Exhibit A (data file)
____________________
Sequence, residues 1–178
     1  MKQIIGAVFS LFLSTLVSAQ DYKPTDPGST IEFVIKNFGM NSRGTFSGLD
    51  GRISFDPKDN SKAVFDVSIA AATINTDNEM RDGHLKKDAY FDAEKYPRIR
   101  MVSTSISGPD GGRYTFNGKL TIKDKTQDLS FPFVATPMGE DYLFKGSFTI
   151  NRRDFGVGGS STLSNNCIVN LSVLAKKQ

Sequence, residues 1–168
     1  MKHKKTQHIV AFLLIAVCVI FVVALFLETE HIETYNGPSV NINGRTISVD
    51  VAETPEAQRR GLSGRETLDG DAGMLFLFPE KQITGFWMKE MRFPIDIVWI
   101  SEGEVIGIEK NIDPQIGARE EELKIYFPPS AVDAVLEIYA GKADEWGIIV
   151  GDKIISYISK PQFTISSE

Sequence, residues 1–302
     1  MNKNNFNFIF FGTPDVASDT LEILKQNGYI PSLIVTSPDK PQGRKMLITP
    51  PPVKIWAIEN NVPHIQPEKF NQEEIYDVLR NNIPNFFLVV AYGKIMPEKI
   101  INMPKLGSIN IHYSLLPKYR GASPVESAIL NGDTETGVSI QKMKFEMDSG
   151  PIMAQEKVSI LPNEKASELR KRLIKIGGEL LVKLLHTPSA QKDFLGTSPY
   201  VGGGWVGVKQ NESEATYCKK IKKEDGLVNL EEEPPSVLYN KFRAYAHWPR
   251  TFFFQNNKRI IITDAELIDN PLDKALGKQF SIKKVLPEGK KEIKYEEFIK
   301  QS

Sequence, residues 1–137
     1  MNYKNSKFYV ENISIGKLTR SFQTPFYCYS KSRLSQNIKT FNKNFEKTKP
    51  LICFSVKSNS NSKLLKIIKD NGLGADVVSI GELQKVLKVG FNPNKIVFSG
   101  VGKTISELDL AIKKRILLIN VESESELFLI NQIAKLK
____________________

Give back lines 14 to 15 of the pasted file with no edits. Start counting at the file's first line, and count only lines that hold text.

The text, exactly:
   101  INMPKLGSIN IHYSLLPKYR GASPVESAIL NGDTETGVSI QKMKFEMDSG
   151  PIMAQEKVSI LPNEKASELR KRLIKIGGEL LVKLLHTPSA QKDFLGTSPY